Considering the benefits homeownership offers to society as a whole, young Americans aren’t the only demographic group affected by recent policies. Recent reports estimate that the African-American community, with wealth more concentrated in homeownership than any other asset, lost more than 50% of its net worth during the housing crisis. The deterioration in homeownership has been disproportionately severe on African-Americans, Hispanics, and younger people, leading to a widening of the gap in minority/white homeownership rates.

Recent government efforts to protect borrowers who fail to pay their loans, particularly settlements that have been extracted from the industry and increased servicing standards, have had the effect of compounding the losses from bad loans, thereby encouraging even more conservative lending and hurting a much larger group of potential borrowers by depriving them of the opportunity to achieve homeownership. The overarching policy goal should be to facilitate homeownership, not to shift the burden of non-performance from defaulters to aspiring borrowers. Policies need to change if we wish to continue making homeownership a reality for the broadest group of eligible borrowers in the United States.  My recent paper, The Great Recession’s Most Unfortunate Victim: Homeownership, discusses how we can address this important issue.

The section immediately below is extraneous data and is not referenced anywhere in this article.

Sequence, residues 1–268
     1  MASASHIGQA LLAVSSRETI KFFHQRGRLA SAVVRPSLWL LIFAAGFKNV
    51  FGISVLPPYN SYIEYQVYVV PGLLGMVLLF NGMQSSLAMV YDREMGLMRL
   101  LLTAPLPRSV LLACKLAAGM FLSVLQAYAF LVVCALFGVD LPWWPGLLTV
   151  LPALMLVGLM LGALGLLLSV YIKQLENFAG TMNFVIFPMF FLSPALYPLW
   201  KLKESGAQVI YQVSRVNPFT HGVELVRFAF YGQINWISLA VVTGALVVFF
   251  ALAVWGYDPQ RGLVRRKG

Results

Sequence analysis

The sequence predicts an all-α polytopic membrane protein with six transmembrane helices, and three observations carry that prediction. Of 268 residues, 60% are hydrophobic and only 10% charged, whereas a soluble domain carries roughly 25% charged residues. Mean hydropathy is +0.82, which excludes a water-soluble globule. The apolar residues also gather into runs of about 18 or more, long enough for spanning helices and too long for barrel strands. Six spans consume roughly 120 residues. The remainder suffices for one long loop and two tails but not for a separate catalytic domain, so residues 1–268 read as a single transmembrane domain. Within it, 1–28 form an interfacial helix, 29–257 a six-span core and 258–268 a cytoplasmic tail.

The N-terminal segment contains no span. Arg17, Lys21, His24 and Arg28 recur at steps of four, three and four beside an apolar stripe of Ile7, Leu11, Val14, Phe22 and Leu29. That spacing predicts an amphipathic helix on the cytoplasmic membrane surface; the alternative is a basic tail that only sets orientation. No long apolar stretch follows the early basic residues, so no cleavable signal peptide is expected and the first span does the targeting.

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JCHS: Strategies for Achieving Scale in the Residential Remodeling Industry

Strategies for Achieving Scale in the Residential Remodeling Industry

 by Abbe Will
Research Analyst